It has been 25 years since the first DDoS attack, and since then the world has witnessed many variants which all share the same result: disrupting the availability of the target host and its services. At the same time, we have seen a similar evolution in DDoS protection technologies, as well as improvements to enable anti-DDoS to interact with evolving technologies. But how has the DDoS attack evolved over the past 25 years? Has the ever growing Internet of Things affected the growth of DDoS attacks at all? And what can we expect in the future?
The history of DDoS attack events is full of "legendary" stories, with the first DDoS attack dating back to 1988 when Robert Morris wrote a self-replicating computer pro-gram (the Morris worm) which had a major impact on the Internet. This Trojan virus was quickly detected as it spread due to the rate at which it consumed system resources. Although Morris did not launch attacks by controlling infected computers in a centralised way, his work formed the basis for DDoS attacks by exploiting botnets. In fact, even today injecting a Trojan virus by exploiting system vulnerabilities and launching attacks against the target through botnets, are the most common DDoS attack methods.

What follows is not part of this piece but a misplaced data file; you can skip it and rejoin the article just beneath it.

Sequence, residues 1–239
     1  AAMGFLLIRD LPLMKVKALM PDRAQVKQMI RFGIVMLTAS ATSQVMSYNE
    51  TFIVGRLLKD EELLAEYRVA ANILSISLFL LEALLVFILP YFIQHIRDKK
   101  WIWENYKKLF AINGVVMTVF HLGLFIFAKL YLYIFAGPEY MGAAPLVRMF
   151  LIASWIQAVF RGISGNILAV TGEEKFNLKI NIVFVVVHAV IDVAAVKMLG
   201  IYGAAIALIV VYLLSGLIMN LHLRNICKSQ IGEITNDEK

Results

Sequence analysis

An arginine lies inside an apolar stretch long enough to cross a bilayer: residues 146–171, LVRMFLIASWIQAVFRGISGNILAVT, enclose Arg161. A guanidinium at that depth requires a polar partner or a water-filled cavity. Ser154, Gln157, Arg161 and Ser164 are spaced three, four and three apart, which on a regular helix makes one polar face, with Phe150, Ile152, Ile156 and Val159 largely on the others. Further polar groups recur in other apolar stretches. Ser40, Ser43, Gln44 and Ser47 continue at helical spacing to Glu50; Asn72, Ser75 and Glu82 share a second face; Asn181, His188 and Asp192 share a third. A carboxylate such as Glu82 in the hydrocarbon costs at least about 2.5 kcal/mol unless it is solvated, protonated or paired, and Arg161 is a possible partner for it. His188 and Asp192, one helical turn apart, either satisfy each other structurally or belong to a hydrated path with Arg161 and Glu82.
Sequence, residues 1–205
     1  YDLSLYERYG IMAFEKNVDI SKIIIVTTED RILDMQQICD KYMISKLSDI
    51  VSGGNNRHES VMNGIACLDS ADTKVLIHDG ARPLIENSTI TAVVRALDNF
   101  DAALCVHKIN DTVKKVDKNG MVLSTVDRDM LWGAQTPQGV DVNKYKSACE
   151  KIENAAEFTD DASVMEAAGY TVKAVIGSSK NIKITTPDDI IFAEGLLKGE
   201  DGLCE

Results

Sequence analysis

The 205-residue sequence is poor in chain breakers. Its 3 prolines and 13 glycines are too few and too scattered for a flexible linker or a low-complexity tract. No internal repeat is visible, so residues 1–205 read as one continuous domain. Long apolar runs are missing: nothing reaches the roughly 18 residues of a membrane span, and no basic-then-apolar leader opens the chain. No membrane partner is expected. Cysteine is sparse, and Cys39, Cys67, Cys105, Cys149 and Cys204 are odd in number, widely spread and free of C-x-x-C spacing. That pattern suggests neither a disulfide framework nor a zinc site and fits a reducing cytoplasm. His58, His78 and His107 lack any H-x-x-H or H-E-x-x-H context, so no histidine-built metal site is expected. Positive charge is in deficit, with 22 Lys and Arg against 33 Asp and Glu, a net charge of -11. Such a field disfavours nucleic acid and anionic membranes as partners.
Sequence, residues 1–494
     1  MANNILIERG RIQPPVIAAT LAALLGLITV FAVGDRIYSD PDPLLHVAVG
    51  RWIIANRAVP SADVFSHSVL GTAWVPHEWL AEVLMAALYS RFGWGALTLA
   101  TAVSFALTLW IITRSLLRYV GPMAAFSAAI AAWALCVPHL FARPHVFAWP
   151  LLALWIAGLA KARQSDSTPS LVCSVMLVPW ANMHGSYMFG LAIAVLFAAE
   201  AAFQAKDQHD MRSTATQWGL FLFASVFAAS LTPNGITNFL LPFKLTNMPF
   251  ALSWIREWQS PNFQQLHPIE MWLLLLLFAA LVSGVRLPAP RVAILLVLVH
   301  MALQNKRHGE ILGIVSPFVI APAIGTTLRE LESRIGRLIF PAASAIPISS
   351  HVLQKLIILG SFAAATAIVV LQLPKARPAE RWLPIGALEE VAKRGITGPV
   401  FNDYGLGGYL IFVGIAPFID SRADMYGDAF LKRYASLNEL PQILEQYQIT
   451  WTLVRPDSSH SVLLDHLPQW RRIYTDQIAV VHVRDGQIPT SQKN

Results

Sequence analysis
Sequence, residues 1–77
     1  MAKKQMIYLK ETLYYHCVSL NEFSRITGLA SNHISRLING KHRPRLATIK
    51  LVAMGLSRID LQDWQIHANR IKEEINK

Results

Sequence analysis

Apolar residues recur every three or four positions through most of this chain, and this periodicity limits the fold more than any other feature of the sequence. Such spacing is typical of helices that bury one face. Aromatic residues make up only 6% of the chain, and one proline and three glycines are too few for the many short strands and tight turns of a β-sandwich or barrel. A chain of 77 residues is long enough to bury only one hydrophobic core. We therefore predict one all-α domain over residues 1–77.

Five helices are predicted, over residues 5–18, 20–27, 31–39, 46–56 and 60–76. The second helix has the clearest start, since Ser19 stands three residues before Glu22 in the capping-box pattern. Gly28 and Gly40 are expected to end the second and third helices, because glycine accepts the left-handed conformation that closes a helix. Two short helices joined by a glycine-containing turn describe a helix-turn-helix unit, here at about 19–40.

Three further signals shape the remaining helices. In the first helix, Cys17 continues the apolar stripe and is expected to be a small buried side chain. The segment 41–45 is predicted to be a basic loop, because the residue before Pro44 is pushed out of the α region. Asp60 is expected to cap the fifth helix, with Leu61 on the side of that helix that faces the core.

In 1996, a real DDoS attack--the Panix Attack--occurred, which affected commercial institutions' operations and caused huge losses. During the attack, a large number of SYN packets were sent which caused the server to become unresponsive to customers' normal requests. At that time, the US Community Emergency Response Team (CERT) issued an advisory (CA-1 996-21) to protect against fake IP addresses. Affected organisations were able to install a filter on their routers to filter the attack traffic. Since then, Linux patch.2.0.30 had introduced the concept of SYN cookie protection for SYN flood attacks.
The far-reaching DDoS attacks date back to February 2000, when Yahoo, eBay and Amazon were attacked in the US. Mafiaboy (the Internet alias of Michael Calce) used the attack tool TFN2 to launch distributed attacks against these commercial websites in an attempt to "control the Internet". TFN2 launches distributed attacks by means of botnets, and can control the encryption of communication proto-cols in order to evade detection.
GOVERMENTS AND NATIONS BECOME TARGETS
In July 2001, the Code Red worm exploited a vulnerability in Internet information services (IIS), taking over control systems and forcing them to attack other targets. A...